Scott, Nicholas A. ; Andrusaite, Anna ; Andersen, Peter ; Lawson, Melissa ; Alcon-Giner, Cristina ; Leclaire, Charlotte ; Caim, Shabhonam ; Le Gall, Gwenaelle ; Shaw, Tovah ; Connolly, James P.R. ; Roe, Andrew J. ; Wessel, Hannah ; Bravo-Blas, Alberto ; Thomson, Carolyn A. ; Kästele, Verena ; Wang, Ping ; Peterson, Daniel A. ; Bancroft, Allison ; Li, Xuhang ; Grencis, Richard ; McI Mowat, Allan ; Hall, Lindsay J. ; Travis, Mark A. ; Milling, Simon W.F. ; Mann, Elizabeth R. / Antibiotics induce sustained dysregulation of intestinal T cell immunity by perturbing macrophage homeostasis. In: Science Translational Medicine. 2018 ; Vol. 10, No. 464.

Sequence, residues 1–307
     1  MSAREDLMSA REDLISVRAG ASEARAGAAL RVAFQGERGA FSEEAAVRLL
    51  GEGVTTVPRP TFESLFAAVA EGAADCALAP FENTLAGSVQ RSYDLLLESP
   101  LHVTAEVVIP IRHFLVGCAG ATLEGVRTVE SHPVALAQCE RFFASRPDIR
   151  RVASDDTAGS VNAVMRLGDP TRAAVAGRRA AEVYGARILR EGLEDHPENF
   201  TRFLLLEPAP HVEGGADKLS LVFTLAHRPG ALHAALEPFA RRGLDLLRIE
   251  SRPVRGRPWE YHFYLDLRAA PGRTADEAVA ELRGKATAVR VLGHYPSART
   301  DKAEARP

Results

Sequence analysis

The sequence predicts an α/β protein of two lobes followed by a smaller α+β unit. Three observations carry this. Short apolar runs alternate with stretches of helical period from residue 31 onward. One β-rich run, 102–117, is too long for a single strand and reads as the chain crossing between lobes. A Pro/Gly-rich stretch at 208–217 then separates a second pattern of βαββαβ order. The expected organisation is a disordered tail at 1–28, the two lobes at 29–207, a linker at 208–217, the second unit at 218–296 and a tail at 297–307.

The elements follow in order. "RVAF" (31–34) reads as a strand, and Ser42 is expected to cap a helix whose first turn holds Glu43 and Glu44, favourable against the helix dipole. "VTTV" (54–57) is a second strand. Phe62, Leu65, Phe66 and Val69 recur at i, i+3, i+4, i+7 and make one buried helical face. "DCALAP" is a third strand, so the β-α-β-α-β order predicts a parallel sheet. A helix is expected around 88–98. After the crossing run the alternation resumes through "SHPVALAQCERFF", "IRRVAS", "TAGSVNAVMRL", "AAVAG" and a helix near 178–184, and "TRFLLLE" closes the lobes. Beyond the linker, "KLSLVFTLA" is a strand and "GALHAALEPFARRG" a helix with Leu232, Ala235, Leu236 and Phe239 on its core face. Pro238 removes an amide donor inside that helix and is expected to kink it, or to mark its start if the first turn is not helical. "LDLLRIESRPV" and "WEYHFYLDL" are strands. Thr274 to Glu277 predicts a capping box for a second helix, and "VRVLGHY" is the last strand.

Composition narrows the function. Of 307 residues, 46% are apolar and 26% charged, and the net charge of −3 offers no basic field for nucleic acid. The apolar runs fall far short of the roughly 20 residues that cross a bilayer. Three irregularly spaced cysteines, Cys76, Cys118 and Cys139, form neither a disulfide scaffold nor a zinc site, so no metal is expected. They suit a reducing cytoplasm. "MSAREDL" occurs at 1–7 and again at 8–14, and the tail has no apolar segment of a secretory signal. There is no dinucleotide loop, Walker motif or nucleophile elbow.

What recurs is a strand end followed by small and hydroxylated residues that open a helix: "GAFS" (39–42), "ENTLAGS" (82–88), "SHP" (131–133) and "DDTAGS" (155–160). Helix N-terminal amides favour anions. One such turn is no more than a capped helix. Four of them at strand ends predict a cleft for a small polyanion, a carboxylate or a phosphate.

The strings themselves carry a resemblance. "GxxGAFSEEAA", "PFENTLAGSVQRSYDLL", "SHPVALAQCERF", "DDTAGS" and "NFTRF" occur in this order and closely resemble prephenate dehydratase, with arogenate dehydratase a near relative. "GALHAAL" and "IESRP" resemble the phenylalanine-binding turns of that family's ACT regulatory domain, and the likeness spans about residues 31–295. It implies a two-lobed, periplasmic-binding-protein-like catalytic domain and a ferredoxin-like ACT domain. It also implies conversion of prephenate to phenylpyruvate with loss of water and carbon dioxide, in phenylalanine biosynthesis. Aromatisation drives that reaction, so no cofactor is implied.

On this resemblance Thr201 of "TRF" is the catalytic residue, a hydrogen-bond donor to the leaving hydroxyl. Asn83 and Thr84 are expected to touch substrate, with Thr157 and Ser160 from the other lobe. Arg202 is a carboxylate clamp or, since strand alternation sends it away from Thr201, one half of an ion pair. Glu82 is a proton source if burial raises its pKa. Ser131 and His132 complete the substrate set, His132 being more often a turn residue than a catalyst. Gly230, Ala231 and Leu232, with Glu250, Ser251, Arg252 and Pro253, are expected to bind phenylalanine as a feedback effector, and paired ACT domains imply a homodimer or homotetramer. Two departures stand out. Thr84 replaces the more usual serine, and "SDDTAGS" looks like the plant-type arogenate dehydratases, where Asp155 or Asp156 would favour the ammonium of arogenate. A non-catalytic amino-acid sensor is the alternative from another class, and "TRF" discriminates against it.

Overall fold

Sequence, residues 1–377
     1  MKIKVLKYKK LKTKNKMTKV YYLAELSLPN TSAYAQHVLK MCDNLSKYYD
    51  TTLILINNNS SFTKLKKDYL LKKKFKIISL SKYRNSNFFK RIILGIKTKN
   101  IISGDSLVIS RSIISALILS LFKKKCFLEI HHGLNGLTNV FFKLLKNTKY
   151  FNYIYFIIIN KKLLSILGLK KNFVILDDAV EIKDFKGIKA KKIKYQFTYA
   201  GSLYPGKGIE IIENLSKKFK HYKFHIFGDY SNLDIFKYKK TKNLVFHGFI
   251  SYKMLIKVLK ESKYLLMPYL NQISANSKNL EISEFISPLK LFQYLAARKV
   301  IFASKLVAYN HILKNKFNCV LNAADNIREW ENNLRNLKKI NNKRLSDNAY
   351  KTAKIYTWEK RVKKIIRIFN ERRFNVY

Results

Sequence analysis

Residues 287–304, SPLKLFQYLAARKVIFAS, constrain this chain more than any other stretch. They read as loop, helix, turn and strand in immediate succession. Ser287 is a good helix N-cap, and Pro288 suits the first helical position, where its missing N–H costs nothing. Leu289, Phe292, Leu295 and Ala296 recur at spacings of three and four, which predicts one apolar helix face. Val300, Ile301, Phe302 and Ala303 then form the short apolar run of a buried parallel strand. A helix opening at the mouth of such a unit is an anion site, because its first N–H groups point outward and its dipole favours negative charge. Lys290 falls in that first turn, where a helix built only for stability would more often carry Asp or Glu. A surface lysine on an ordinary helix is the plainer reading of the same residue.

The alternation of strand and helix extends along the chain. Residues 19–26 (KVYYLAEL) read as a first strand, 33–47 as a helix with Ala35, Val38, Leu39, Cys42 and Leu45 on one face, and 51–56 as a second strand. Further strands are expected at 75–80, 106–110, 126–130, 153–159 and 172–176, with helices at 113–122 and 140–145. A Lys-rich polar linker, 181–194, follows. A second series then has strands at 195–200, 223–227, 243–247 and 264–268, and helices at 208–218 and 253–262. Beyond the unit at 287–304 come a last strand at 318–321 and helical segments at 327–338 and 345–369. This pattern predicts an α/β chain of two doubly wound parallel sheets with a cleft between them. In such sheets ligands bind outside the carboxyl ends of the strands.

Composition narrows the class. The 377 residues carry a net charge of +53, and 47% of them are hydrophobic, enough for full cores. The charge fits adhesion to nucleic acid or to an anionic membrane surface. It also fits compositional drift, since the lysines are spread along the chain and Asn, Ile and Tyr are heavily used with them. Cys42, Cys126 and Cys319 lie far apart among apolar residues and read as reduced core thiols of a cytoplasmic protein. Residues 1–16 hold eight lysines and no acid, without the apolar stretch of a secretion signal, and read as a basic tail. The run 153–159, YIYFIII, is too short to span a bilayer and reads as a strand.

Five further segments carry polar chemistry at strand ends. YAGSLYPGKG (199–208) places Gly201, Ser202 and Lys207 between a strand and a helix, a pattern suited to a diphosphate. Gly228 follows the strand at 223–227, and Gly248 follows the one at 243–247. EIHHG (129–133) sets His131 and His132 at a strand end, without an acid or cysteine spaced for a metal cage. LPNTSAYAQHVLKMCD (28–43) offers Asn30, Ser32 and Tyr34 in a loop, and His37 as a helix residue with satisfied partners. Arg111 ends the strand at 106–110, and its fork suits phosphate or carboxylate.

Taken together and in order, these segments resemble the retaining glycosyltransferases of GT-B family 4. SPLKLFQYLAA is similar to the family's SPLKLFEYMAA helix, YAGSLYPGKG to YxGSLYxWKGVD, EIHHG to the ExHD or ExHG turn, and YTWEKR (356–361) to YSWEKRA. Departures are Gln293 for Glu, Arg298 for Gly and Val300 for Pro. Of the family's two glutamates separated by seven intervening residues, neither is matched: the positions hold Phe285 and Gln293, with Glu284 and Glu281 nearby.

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abstract = "Macrophages in the healthy intestine are highly specialized and usually respond to the gut microbiota without provoking an inflammatory response. A breakdown in this tolerance leads to inflammatory bowel disease (IBD), but the mechanisms by which intestinal macrophages normally become conditioned to promote microbial tolerance are unclear. Strong epidemiological evidence linking disruption of the gut microbiota by antibiotic use early in life to IBD indicates an important role for the gut microbiota in modulating intestinal immunity. Here, we show that antibiotic use causes intestinal macrophages to become hyperresponsive to bacterial stimulation, producing excess inflammatory cytokines. Re-exposure of antibiotic-treated mice to conventional microbiota induced a long-term, macrophage-dependent increase in inflammatory T helper 1 (TH1) responses in the colon and sustained dysbiosis. The consequences of this dysregulated macrophage activity for T cell function were demonstrated by increased susceptibility to infections requiring TH17 and TH2 responses for clearance (bacterial Citrobacter rodentium and helminth Trichuris muris infections), corresponding with increased inflammation. Short-chain fatty acids (SCFAs) were depleted during antibiotic administration; supplementation of antibiotics with the SCFA butyrate restored the characteristic hyporesponsiveness of intestinal macrophages and prevented T cell dysfunction. Butyrate altered the metabolic behavior of macrophages to increase oxidative phosphorylation and also promoted alternative macrophage activation. In summary, the gut microbiota is essential to maintain macrophage-dependent intestinal immune homeostasis, mediated by SCFA-dependent pathways. Oral antibiotics disrupt this process to promote sustained T cell-mediated dysfunction and increased susceptibility to infections, highlighting important implications of repeated broad-spectrum antibiotic use.",